Julie: The Musical at The Other Palace Studio

Le Gasp! Productions’ JULIE: The Musical is a hilarious and witty celebration of non-conformity based on the life of queer icon, Julie D’Aubigny, and her experiences as a worshipped opera singer, renowned swordswoman and flaming bisexual.

Sitting in the studio in the depths of The Other Palace, I awaited excited as I saw one by one what I thought were the 4 members of the band take the stage. What I quickly realised was these were four incredibly talented actor musicians that not only played a variety of instruments each but also played multiple roles throughout the entire show.

Leading Julie; The Musical was Sam Kearney-Edwardes as Julie D’Aubigny herself who let us know instantly that we were in safe hands. The show revolved around Julie telling her story and engaging with us, the audience, which Sam did with ease. When one of her first lines was asking us if we wanted to hear about how she f***** a nun, I knew we were in for a hilarious evening. Sam had a great voice and handled Julie’s highs and lows very well. I felt like I was seeing a completely different person by the end of the show.

Melinda Orengo played the love of Julie’s life, Marie De Florensac. Instantly likeable, sweet and fierce. The relationship between Julie and Marie was done beautifully and you were on their side throughout. A highlight of the show for me was Marie’s song in Act 2 where she outlined always being leered at by men. It felt like a mixture of All You Wanna Do from Six with the tone of Dark I Know Well from Spring Awakening and I was hooked.

Zachary Pang played Count D’Albert, Julie’s friend and sometimes lover as well as many more. Zachary had me laughing from the off. His portrayal of the King had me in stitches. He moved from comedy to drama seamlessly. As D’Albert, being the voice of reason to Julie when she was in a downward spiral in particular, was very good.

And last, but by certainly no means least, we have Abey Bradbury as Thevenard. But it does not stop there. As well as all the roles she played in the show, almost all of which had me laughing out loud, and all the instruments she played, Abey also wrote the book, music, orchestrations and lyrics. She was the Musical Director, assisted by Sam Kearney-Edwardes, and did the costumes as well. Where does the talent end? Of her performance, Abey was hilarious. I couldn’t pick just one stand out. From the pushover husband to Julie’s rival Thevenard, she did the thing. She even managed to alter her lines slightly after a lyric mistake when attempting to woo Julie which had the audience howling. A pro.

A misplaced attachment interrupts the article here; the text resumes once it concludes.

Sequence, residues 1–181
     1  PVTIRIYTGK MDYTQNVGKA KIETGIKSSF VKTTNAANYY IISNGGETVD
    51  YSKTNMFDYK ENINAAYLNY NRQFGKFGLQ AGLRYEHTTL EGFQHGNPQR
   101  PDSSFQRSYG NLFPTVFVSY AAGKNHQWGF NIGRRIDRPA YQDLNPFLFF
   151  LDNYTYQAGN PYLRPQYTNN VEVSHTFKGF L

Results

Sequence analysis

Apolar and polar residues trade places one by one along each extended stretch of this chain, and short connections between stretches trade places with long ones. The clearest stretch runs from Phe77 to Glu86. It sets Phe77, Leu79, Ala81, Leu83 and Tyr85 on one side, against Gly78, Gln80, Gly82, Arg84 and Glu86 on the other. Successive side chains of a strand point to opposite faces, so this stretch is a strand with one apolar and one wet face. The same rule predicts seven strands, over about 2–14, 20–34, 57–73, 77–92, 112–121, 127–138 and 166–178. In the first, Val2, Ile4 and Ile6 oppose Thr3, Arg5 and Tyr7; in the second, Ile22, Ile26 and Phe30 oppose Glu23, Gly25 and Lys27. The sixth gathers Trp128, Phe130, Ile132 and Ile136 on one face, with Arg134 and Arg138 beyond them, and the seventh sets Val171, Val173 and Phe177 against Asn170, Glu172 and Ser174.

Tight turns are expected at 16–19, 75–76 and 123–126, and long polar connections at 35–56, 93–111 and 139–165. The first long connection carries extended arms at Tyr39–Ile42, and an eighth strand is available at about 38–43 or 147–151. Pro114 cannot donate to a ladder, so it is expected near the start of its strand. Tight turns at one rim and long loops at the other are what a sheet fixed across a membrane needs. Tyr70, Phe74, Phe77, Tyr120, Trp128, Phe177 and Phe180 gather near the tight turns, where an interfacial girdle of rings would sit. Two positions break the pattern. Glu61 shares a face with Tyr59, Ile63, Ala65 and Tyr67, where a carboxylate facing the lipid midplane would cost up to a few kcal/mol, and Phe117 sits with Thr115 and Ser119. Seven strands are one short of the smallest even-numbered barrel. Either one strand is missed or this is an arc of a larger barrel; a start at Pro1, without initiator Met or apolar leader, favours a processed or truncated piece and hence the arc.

The book was great. Act 2 flowed slightly better and Julie’s downward spiral was the only part that had me scratching my head but was resolved quickly by D’Albert assuring Julie and us that they all were not just characters in her own show. The book in general brought Julie’s chaotic story to life very well and encompassed a lot.

The music was fun and was sung to perfection by all involved. Gorgeous harmonies. Some were more memorably than others. Standouts were Marie De Florensac, On The Run!, Fine (It’s Fine), Lesbians Don’t Exist and Breath again.

Costumes were gorgeous. They felt trendy and modern but still within the style of the piece which I loved. The set too was clever in its use of archways alluding to the style of the time while also being slightly fractured to make it feel edgy. I particularly liked where Marie was placed for most of the show. The set there surrounding her almost felt like she was a Barbie in a box on display which reflects how the character herself feels.

Direction by Conor Dye was very well done. In a show like this where the four performers are playing so many different roles, it’s important that they all come across and Conor made sure that was definitely the case. The only thing I felt is that the pace could have been quicker in Act 1. With so much going on in Julie’s fantastical life, the first half felt a bit long. Lighting and Sound were good and complimented the action. I loved when Julie spoke directly to the lighting operator and asked her not to fade.

JULIE: The Musical really has it all. I laughed from beginning to end, my heartstrings were plucked and I had a thoroughly enjoyable evening. The amount of talent on that stage is crazy. I feel I am better off having learned about Julie D’Aubigny, this chaotic, unapologetic, flawed and wonderful bisexual.

Review by Michael Flanagan

Julie: The Musical is on at the Other Palace Studio until 30th June. You can find out more and book tickets here.

If you like this review you might also like my review of Six, Choir of Man and Standing at The Sky’s Edge.

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